One again obtains remarkably
good agreement with exact results using spaces on the order
of 100 states.

The limit isolates a single D24-brane, if we remain at a finite point in space; alternatively, if we perturb by , the branes are pushed off to infinity as , and we are left with the closed string vacuum as conjectured in [4]. In the limit, the term in the energy proportional to the volume vanishes, since .

One might wonder what has happened to the dynamics of open strings as a result of the tachyon condensation. From the worldsheet point of view, all boundary operators are flowing to the identity operator under the RG flow (they become c-numbers when the boundary conditions on are Dirichlet); becomes localized at one of the minima of the potential (2). In spacetime, normalizable eigenstates of the Hamiltonian in the unstable vacuum (corresponding to the UV fixed point of (2)) are wavepackets which move freely in ; at the IR fixed point, all the normalizable modes are bound to the D24-brane, as was found for the lowest modes in [17]. In addition, since the kinetic terms for these spacetime fields are given by the eigenvalue of the corresponding worldsheet operator, these terms vanish in the IR as suggested in [12].

The worldsheet analysis is also consistent with the discussion of ref. [2], where evidence was presented that after the tachyon condenses, the inverse propagator of some low lying fields no longer has any zeroes, which means that they do not give rise to physical excitations (in the context of our present discussion, the analysis of [2] describes the region far from the D24-branes). The worldsheet picture shows that this is true for all modes of the open string, as one would expect.

It is important to emphasize that this process of binding of physical excitations to a wall is entirely classical in string theory. A breakdown of the classical approximation would manifest itself as a singularity in the RG flow corresponding to (1), (2). Such a singularity certainly does not exist for the flow (2) and there is no reason to expect one for the more general case (1). Note also that the above discussion is true in particular for the open string gauge field, and for any fields that couple to it. The disappearance of the gauge field dynamics in the bulk is thus a classical phenomenon.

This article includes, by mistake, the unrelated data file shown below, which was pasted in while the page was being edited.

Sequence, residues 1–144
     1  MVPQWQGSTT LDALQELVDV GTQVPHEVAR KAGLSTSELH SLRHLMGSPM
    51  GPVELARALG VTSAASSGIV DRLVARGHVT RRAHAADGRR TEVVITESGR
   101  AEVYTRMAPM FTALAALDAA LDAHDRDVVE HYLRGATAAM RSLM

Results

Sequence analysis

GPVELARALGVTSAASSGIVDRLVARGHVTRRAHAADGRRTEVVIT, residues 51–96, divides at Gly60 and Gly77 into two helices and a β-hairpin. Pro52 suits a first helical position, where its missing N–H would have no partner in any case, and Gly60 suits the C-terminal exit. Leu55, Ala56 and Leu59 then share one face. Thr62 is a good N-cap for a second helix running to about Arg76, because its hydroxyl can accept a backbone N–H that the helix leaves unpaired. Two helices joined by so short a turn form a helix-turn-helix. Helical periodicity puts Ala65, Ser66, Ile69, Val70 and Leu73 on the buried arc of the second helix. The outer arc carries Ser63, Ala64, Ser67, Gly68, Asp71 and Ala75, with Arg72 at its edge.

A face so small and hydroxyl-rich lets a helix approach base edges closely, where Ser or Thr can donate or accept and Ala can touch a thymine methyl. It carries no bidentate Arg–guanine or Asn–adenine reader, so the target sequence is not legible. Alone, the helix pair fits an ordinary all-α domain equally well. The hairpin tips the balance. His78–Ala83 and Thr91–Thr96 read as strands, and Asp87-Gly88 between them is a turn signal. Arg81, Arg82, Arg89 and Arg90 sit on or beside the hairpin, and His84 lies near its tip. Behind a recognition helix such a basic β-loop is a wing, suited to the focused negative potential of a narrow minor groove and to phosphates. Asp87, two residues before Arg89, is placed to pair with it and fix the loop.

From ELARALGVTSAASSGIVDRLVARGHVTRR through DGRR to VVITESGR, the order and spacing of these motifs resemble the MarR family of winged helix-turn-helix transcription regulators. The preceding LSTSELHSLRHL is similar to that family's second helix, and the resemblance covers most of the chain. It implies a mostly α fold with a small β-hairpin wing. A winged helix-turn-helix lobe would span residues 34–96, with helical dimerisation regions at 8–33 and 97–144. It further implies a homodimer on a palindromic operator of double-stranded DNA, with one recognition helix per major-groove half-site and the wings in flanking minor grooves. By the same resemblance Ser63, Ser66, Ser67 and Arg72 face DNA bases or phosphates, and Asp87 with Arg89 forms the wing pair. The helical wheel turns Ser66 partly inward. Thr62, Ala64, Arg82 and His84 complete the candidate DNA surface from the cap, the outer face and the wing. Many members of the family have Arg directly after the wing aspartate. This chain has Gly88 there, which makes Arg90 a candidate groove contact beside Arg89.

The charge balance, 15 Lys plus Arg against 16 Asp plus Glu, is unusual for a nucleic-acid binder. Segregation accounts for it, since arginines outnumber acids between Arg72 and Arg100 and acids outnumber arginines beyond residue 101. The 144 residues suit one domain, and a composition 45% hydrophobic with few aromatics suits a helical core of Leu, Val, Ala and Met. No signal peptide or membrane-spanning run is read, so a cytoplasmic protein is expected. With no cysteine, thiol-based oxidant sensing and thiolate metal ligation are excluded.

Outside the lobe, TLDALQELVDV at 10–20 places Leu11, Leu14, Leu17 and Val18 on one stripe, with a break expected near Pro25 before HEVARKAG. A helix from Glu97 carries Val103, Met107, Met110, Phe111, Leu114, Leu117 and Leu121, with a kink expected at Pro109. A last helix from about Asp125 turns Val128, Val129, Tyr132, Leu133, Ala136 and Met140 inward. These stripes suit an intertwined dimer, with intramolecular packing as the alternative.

At finite , a finite spacing between D24-branes is maintained at the IR fixed point. There should be open string sectors corresponding to the stretched strings between different branes; how do these arise? At any point along the flow, the cosine potential will have solitons on the boundary, where the boundary value of hops from one minimum of the cosine to another. The soliton creation and annihilation operators will flow to the vertex operators that create and destroy the corresponding stretched strings at the IR fixed point. These solitons descend from highly excited open string states. In the typical such state, the configuration of the open string is a random walk [30]; the cosine potential then draws the endpoints to the minima at , but not necessarily the same one at both endpoints. The lightest stretched strings presumably descend from the leading Regge trajectory of the UV fixed point, which generates a straight stretched string of length in string units.